Q. So you don't remember whether you tripped, or whether you slipped?

A. I just fell forward.

Q. Do you know what caused you to fall forward?

A. The unevenness.

Q. Of the concrete of the sidewalk?

A. Yes.

I guess I was closer [than her sister-in-law] to the uneven part of the sidewalk. It was higher than the driveway.

Q. You said you're not sure whether you tripped or slipped; is that correct?

A. Yes. I don't remember tripping or slipping; just falling.

Q. The only thing you remember is going forward; correct?

A. Yes."

Later, defense counsel returned to questions about the location of the accident:

"Q. Was there a driveway near where you fell?

A. Between the sidewalk and the driveway. The sidewalk was a little higher.

Q. The sidewalk was higher than the driveway?

A. Yes. It's uneven.

Q. Did you fall when you stepped from the sidewalk to the driveway?

A. I don't remember. It happened so fast.

Q. So you don't know if you were on the driveway at all when you fell; is that correct?

A. I don't remember."

Defense counsel also asked plaintiff to look at two photographs of the corner of Pratt and Western and identify the area where she fell. Plaintiff replied that, as to either photograph, she was unable to tell from the picture where the driveway was located, or on which corner the gas station was located. Defense counsel asked, "So you can't tell, looking at deposition exhibit no. 2 for identification, where you fell, correct?" Plaintiff replied, "I can't tell from those pictures."

On May 16, 1988, plaintiff filed an affidavit which stated:

"When we reached an area where the public sidewalk meets with the gas station driveway, my left foot went into a depression located in the driveway and I fell forcibly onto the driveway.

Immediately after I fell I saw that the area where I had stepped was not level in that the gas station driveway was lower than the sidewalk creating a depression in the surface."

The trial court granted defendant's motion to strike the affidavit due to its contradiction of the deposition testimony. The trial court also granted defendant's motion for summary judgment.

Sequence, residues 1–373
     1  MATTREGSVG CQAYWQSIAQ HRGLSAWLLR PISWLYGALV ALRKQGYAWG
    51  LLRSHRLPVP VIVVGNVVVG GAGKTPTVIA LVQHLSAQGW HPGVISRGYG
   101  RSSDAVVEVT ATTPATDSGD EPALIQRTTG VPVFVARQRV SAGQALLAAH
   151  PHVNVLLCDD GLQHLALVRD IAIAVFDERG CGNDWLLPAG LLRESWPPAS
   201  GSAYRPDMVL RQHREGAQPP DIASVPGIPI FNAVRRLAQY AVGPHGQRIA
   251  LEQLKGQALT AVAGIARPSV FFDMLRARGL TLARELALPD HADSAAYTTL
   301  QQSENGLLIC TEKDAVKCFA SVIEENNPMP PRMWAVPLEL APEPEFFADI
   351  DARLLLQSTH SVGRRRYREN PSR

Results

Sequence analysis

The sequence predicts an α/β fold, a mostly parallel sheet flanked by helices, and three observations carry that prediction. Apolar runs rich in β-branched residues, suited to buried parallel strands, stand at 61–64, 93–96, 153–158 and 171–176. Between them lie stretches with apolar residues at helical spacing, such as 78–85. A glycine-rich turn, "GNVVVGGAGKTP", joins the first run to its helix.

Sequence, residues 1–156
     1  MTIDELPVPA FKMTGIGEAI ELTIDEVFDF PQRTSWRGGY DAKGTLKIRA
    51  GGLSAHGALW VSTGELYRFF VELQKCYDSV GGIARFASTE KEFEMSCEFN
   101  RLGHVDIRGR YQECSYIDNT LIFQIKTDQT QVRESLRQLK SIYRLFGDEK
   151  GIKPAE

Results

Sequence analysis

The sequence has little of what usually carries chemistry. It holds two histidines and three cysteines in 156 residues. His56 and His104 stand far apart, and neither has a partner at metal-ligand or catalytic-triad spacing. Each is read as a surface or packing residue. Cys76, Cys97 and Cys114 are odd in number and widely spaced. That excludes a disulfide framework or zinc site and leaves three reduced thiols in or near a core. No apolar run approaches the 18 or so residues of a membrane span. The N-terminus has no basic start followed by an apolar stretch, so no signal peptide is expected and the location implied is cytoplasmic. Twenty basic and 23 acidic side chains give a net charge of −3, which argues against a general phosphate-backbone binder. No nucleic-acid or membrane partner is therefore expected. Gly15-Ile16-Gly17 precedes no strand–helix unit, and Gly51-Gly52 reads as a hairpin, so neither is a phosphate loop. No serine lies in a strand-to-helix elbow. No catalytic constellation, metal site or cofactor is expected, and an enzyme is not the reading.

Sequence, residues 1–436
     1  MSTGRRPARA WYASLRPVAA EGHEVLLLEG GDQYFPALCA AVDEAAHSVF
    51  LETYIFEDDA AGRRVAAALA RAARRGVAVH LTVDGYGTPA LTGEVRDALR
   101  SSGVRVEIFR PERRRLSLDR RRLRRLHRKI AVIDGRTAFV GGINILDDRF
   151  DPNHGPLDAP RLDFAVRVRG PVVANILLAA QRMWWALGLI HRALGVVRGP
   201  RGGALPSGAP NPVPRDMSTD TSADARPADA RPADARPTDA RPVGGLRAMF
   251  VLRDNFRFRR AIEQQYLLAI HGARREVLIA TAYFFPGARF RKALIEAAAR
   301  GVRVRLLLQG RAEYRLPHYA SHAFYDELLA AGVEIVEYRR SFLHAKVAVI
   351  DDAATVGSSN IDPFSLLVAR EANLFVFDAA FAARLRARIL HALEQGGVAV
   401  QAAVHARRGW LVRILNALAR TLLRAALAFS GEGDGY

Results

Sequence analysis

Plaintiff contends that the trial court erred in granting summary judgment in favor of defendant. We agree. A motion for summary judgment should not be granted where there exist genuine issues of material fact. (Amin v. Knape & Vogt Co. (1986), 148 Ill. App. 3d 1075, 500 N.E.2d 454.) The trial court must construe the pleadings, depositions and affidavits most strictly against the moving party and most liberally in favor of the motion's opponent. (Fearon v. Mobil Joliet Refining Corp. (1984), 131 Ill. App. 3d 1, 475 N.E.2d 549.) If the facts allow for more than one Conclusion or inference, including one unfavorable to the moving party, the motion for summary judgment should be denied. The right of the moving party to summary judgment must be clear and free from doubt. Amin v. Knape & Vogt Co., 148 Ill. App. 3d 1075, 500 N.E.2d 454.

Plaintiff's June 1986 complaint alleges that she fell while "walking on or about the driveway" where it "crosses over [the] public sidewalk." Plaintiff's answer to an interrogatory states she fell on the "driveway of defendant's gas station as it crosses over sidewalk area." In her deposition, plaintiff repeatedly describes the difference in height between the driveway and sidewalk, causing her to fall to the pavement.

"[There] is a sidewalk there and a driveway. And the sidewalk, it wasn't even, between the sidewalk and the driveway.

I fell on the sidewalk near the driveway where it was uneven.

I guess I was closer to the uneven part of the sidewalk. It was higher than the driveway.